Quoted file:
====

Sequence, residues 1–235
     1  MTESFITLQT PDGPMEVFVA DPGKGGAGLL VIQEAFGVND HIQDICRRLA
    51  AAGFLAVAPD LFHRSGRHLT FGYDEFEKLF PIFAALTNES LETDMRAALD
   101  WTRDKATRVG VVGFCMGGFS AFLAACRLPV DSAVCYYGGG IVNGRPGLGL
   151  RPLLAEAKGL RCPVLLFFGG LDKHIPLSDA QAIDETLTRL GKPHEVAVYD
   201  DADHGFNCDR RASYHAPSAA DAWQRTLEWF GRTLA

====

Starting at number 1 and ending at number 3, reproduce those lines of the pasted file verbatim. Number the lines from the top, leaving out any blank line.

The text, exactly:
Sequence, residues 1–235
     1  MTESFITLQT PDGPMEVFVA DPGKGGAGLL VIQEAFGVND HIQDICRRLA
    51  AAGFLAVAPD LFHRSGRHLT FGYDEFEKLF PIFAALTNES LETDMRAALD